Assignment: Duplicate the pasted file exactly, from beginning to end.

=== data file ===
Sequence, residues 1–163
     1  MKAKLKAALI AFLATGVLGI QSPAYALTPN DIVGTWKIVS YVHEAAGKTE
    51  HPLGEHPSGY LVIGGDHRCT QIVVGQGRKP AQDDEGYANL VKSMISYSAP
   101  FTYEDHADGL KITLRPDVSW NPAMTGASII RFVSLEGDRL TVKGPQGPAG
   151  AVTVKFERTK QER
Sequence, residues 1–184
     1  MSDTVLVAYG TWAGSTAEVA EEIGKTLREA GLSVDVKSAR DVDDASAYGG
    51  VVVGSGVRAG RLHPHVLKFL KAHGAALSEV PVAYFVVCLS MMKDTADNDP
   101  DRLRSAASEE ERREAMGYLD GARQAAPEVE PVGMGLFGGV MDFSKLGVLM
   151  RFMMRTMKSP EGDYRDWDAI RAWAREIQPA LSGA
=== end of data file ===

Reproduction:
Sequence, residues 1–163
     1  MKAKLKAALI AFLATGVLGI QSPAYALTPN DIVGTWKIVS YVHEAAGKTE
    51  HPLGEHPSGY LVIGGDHRCT QIVVGQGRKP AQDDEGYANL VKSMISYSAP
   101  FTYEDHADGL KITLRPDVSW NPAMTGASII RFVSLEGDRL TVKGPQGPAG
   151  AVTVKFERTK QER
Sequence, residues 1–184
     1  MSDTVLVAYG TWAGSTAEVA EEIGKTLREA GLSVDVKSAR DVDDASAYGG
    51  VVVGSGVRAG RLHPHVLKFL KAHGAALSEV PVAYFVVCLS MMKDTADNDP
   101  DRLRSAASEE ERREAMGYLD GARQAAPEVE PVGMGLFGGV MDFSKLGVLM
   151  RFMMRTMKSP EGDYRDWDAI RAWAREIQPA LSGA